The programme gives you the opportunity to develop skills which you can use in the future. Some skills are more specific than others to the subject area, or to a particular type of activity, but all skills can be applied in a range of employment situations, sometimes in quite unexpected ways. The skills which this programme is designed to develop are listed below.

 

Skills acquisition is an important focus of the programme and its aims are:

  • To provide a programme which provides the academic integrity and professional focus for Senior management in the maritime engineering industries.
  • To provide a rewarding and supportive environment where students can develop not only knowledge and practical abilities in specific areas, but also key transferable skills.
  • To produce graduates with the specific knowledge, analytical ability and design skills appropriate for a professional marine officer and who can apply these skills in the diverse range of maritime industries in which they are employed.
  • To produce graduates who can work responsibly and as a professional seafarer in accordance with the requirements of the professional bodies.
  • To produce graduates with a range of key transferable and intellectual skills that can be applied to the role of professional Marine Seafarer.

 

Employability is the key feature of this programme and the development of transferable skills including teamwork, problem solving, IT skills, oral & written communication, analytical & critical thinking as well as the essential marine skills form a fundamental part of the programme.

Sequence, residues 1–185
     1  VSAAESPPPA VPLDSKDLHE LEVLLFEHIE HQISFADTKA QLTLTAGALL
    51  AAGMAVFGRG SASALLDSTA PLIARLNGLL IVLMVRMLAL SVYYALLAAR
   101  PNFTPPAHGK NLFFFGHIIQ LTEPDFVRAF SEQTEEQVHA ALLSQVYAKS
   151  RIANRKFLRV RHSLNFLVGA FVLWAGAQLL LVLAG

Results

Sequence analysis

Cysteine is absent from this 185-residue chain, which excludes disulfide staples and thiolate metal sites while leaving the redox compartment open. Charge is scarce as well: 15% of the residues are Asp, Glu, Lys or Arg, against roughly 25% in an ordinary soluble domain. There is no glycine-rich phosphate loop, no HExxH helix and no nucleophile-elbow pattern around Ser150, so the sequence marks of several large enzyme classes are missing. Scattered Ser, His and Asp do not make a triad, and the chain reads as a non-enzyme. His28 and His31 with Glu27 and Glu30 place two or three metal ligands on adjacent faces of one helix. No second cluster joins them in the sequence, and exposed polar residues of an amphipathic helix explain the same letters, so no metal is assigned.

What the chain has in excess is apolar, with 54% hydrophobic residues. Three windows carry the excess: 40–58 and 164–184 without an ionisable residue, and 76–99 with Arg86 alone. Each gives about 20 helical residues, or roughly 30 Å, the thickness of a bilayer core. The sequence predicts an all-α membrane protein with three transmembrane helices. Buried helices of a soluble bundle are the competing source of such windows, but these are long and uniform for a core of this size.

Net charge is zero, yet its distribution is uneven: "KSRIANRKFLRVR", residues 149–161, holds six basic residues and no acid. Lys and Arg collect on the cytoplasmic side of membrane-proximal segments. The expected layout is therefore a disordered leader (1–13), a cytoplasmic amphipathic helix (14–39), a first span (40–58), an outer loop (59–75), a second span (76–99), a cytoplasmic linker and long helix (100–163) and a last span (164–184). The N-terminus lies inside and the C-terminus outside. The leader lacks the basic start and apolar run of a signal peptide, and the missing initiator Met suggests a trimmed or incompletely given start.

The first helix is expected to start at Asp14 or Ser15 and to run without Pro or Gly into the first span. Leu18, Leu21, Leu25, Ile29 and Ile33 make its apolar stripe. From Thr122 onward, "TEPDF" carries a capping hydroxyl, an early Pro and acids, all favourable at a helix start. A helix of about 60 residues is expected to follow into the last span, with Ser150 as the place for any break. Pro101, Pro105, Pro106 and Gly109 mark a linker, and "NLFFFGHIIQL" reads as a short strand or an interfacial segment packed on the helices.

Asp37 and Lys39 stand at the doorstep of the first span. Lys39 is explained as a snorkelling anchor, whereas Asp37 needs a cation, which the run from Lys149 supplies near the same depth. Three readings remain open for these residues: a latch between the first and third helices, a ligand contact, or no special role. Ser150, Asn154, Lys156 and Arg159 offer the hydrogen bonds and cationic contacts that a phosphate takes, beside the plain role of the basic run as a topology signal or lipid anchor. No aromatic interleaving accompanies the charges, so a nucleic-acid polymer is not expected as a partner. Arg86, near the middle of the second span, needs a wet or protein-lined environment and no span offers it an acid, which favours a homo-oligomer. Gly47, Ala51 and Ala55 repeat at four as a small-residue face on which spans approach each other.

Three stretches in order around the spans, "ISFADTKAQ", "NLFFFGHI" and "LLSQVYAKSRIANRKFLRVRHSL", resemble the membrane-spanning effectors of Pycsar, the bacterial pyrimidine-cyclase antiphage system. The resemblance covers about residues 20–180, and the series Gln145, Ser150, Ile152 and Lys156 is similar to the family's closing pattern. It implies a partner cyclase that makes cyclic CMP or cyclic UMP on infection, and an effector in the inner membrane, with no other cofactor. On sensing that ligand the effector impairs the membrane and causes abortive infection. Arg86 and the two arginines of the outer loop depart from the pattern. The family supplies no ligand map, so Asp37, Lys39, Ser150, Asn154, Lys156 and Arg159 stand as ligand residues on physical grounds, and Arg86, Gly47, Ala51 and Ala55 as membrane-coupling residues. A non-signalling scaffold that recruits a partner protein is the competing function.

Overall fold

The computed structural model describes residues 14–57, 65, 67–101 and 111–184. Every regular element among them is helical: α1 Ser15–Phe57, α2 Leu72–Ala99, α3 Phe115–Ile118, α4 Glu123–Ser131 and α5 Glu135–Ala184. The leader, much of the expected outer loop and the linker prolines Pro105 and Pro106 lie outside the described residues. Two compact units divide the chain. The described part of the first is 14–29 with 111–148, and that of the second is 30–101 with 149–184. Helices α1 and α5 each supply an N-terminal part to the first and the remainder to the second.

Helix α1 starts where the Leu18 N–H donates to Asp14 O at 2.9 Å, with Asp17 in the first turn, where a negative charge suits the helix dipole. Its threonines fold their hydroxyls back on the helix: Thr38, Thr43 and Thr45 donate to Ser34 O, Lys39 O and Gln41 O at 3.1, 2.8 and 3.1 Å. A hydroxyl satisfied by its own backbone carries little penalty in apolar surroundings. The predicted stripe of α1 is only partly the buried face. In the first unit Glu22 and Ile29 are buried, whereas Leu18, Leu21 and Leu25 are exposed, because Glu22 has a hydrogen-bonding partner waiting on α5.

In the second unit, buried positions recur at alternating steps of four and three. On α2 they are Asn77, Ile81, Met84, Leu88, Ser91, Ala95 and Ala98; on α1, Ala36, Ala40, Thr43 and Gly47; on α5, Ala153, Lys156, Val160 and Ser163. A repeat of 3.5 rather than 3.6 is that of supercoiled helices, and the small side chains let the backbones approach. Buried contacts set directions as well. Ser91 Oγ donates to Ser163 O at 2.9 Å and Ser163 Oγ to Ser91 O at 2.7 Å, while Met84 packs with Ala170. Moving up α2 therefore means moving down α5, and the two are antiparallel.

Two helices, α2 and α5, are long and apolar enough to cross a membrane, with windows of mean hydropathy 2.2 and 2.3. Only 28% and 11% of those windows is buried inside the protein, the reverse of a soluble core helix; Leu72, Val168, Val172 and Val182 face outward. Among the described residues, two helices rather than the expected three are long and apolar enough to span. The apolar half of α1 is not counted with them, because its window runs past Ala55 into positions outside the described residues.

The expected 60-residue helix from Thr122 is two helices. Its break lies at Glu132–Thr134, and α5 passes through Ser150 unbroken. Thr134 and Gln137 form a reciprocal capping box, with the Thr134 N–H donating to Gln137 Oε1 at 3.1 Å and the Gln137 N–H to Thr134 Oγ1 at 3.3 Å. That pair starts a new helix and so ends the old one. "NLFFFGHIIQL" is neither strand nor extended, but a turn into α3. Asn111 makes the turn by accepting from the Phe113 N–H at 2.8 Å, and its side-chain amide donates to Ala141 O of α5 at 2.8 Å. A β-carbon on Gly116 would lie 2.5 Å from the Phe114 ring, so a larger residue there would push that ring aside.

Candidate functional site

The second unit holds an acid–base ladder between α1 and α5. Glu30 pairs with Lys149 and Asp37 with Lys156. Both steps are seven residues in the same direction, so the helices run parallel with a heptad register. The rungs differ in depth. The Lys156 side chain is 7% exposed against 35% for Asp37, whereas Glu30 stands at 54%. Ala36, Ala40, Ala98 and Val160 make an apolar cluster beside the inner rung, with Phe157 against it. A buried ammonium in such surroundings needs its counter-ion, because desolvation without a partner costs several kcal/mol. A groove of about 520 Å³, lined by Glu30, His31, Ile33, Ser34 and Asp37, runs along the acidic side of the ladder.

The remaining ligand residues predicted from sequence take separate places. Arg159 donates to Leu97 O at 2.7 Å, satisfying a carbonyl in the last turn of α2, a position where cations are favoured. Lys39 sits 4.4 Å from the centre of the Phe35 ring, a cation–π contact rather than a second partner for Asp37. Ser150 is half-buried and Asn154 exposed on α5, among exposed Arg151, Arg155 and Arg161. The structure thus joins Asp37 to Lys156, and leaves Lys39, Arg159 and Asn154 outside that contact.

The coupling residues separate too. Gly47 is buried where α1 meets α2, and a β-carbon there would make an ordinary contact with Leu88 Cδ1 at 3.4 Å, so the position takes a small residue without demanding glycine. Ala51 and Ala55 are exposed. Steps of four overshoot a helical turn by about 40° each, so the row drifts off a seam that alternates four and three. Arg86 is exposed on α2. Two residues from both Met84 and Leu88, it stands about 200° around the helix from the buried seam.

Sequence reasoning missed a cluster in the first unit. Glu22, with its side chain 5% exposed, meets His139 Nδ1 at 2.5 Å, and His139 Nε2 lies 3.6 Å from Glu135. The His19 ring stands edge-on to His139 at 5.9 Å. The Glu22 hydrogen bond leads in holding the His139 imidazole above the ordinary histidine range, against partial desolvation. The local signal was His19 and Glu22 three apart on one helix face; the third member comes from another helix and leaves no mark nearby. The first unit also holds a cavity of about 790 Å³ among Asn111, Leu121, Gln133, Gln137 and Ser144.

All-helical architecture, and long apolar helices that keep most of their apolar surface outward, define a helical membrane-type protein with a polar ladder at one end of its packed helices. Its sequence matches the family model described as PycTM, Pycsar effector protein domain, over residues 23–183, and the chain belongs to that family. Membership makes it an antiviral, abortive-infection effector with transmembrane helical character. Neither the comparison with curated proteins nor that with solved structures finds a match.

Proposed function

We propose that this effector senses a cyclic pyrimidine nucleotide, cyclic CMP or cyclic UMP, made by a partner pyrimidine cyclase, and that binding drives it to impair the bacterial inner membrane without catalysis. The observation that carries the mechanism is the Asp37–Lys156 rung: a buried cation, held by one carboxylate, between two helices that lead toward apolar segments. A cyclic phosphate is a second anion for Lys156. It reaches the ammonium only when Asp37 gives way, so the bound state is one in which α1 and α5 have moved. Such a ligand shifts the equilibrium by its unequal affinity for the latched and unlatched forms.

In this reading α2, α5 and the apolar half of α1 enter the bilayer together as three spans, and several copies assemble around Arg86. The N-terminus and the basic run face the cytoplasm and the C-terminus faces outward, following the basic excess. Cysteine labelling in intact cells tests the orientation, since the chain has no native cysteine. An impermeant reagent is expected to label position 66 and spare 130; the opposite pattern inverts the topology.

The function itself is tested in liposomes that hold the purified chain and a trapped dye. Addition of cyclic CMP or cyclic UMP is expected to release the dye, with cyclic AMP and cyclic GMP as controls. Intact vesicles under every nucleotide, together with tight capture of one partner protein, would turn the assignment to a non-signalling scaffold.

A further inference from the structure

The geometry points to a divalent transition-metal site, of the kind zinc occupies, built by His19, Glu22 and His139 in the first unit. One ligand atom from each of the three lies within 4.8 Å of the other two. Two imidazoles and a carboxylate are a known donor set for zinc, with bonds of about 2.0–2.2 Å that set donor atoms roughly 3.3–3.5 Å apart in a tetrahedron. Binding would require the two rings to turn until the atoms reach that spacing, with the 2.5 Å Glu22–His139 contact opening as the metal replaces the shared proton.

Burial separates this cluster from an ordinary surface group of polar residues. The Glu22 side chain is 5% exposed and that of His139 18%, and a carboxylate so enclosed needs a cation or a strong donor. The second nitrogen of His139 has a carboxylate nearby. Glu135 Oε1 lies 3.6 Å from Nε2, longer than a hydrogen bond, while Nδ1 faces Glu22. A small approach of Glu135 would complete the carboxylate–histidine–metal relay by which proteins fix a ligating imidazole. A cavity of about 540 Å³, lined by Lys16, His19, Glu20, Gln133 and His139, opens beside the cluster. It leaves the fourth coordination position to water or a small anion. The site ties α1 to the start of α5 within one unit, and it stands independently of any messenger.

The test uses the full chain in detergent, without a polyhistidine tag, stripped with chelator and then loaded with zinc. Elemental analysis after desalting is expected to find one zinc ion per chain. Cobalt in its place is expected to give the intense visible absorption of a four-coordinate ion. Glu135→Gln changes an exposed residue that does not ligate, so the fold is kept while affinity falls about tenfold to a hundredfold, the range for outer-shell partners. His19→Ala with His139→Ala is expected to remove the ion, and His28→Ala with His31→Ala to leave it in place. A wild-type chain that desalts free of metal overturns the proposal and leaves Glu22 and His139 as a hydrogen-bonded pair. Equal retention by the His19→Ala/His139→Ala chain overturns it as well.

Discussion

Increased recent demand from the sector, particularly from Nigerian shipping companies, DFDS Seaways and other shipping companies for employees equipped with higher-level skills and knowledge has identified the need for a cognate BSc.  Furthermore, Middle-East shipping companies no longer holding HNDs in such high regard now demand employees with a relevant BSc.

 

There are also opportunities for on-campus students outside your programme of study.

 

For information about other opportunities available to our students who study on campus, click here.

Additional opportunities to develop your experiences more widely will vary if you study at one of our partner colleges. For information about the extra-curricular activities available in any of our colleges please contact the college direct. 

 

  1. Particular features of the qualification (optional)

The University of Sunderland issues parchments and maintains oversight and approval of the transcripts generated by the college following ratification of student marks at the Programme Assessment Board Chaired by the College.

 

  1. Professional statutory or regulatory body (PSRB) accreditation. 

 

PSRB accreditation is not relevant to this programme 

 

PSRB accreditation is currently being sought for this programme

 

This programme currently has PSRB accreditation

 

 

 

      There are no programme-specific regulations applicable to the programme.